MN Impact: Research helps enhance pea protein functionality for industry applications
As the demand for plant proteins continues to grow, there is a need to develop alternative sources of protein other than soy protein, which is limited by being sourced from a GMO crop and a “Big Eight” allergen. Yellow field peas have similar agricultural benefits and protein profiles as soybean but are non-GMO and of low allergenicity. While soy protein has undergone decades of research to optimize extraction and processing conditions and evaluate structural and functional properties, pea protein is less researched.
Currently, pea protein is mass produced in a way that can alter its native structure, thus reducing its functionality in food applications. In order to make pea protein competitive with soy protein, there is a need to optimize both the conditions used for pea protein extractions and for functionalization, to produce pea protein isolates (PPI) with high protein purity, preserved structural, and enhanced functional properties. Additionally, the scalability of optimized extraction methods must be evaluated to determine industrial feasibility.
Researchers at the UMN Plant Protein Innovation Center tested two protein extraction protocols (alkaline solubilization with isoelectric precipitation and a salt solubilization coupled with membrane filtration) to optimize pea protein extraction conditions to maximize protein purity and yield. They then characterized the impact of the two “bench-top” extraction methods on the pea protein structure and functionality. They then conducted a pilot scale study to evaluate the impact of a larger-scale production on the protein’s structure, functionality, nutritional quality and flavor. In addition, the team used cold plasma treatment to improve the pea protein functionality, which resulted in enhanced emulsification and gelation properties.
Overall, this study demonstrated successful optimization and scalability of two pea protein extraction methods: alkaline solubilization with isoelectric precipitation and salt solubilization coupled with membrane filtration. Both optimized bench-top methods achieved high protein purity and yield, while using relatively non-denaturing conditions. Scaled-up extractions achieved similar protein purity to the bench-top counterparts. Compared to commercially available PPI, the scaled-up PPIs had superior solubility at pH 3.4 (suitable for acidic beverage application) and superior gelation and emulsification properties. While there were slight differences in structural and functional properties between bench-top and scaled-up PPIs, compared to commercially available PPIs, scaled up PPIs were less denatured, resulting in superior functionality that should be advantageous to industry. Cold plasma treatment further enhanced emulsification and gelation properties of the produced pea protein isolates, surpassing commercial soy protein isolates.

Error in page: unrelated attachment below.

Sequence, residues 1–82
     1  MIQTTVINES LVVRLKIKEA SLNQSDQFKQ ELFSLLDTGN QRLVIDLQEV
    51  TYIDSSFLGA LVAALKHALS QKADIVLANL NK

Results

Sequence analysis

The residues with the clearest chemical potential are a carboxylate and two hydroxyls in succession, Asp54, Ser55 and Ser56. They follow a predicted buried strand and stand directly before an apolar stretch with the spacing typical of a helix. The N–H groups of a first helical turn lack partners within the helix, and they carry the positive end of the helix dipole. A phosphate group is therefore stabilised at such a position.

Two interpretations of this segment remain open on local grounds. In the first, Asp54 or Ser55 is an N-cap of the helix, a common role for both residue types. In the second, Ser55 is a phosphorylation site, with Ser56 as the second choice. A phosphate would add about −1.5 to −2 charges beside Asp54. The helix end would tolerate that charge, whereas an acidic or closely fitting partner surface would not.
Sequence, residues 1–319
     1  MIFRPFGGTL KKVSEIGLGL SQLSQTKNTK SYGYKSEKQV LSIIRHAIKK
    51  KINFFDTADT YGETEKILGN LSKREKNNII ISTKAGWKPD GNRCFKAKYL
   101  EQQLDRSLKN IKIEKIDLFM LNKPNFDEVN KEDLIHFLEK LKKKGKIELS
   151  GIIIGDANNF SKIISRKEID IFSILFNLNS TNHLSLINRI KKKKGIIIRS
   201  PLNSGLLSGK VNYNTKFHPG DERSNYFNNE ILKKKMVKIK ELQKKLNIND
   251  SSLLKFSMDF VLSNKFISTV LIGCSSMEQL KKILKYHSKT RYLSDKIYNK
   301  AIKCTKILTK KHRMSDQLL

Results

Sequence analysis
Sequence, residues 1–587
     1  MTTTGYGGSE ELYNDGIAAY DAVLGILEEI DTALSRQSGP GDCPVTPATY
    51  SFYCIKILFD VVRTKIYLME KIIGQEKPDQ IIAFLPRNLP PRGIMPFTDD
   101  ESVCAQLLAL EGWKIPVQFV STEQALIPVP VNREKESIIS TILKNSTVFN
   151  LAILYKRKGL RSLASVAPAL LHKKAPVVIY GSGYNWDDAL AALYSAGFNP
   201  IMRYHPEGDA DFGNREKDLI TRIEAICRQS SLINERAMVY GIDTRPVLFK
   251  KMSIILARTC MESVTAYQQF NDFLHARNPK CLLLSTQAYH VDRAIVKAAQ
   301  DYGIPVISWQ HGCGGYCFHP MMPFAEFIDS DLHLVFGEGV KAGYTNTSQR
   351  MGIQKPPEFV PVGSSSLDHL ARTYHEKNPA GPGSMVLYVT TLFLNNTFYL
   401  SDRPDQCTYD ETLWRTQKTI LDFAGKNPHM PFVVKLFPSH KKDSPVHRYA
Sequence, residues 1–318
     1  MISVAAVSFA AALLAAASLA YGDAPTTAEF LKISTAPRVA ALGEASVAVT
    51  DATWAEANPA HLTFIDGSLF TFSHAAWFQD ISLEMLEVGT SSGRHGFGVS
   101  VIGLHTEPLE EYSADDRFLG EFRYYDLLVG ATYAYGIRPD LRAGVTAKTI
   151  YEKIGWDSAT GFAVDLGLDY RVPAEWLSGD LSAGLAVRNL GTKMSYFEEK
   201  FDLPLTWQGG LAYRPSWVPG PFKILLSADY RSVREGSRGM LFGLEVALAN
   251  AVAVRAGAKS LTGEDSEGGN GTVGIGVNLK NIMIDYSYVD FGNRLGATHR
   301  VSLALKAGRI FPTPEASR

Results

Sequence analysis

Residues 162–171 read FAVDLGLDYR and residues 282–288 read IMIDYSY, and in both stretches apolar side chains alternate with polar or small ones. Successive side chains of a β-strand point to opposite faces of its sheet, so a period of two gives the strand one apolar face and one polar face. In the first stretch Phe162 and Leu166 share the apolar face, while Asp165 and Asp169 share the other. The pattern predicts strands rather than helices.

This study is significant in demonstrating that PPI, with superior functionality to commercially available PPI, as well as commercially available soy protein isolate, can be produced on a large scale through both the traditional pH extraction and the novel salt extraction coupled with membrane filtration. Functionalization of the protein via cold plasma and Maillard-induced glycations has been successful. A patent related to these process discoveries — Method for Producing Functional Pea Protein 63/107,797 — has been applied for.
The global protein ingredient market was valued at $38 billion in 2019 and is expected to grow at a rate of 9.1 percent from 2020 to 2027. Protein ingredients have gained prominence in the food industry because of escalating consumer awareness and demand for healthy foods. In general, consumers want more protein in their diet, sustainably sourced. Accordingly, food industries are interested in commercializing products formulated with ingredients derived from environmentally sustainable crops. From a sustainable agriculture perspective, adding peas to crop rotations enhances the structure, nutrient content and levels of organic matter in the soil, increasing the yields of subsequent crops. From a manufacturer’s, and subsequently consumer’s perspective, pea proteins are not as yet allergenic, nor genetically modified. In order to meet both consumer demand and desired eating experience, the expansion of options and functionality of protein ingredients is essential for product development and manufacturing.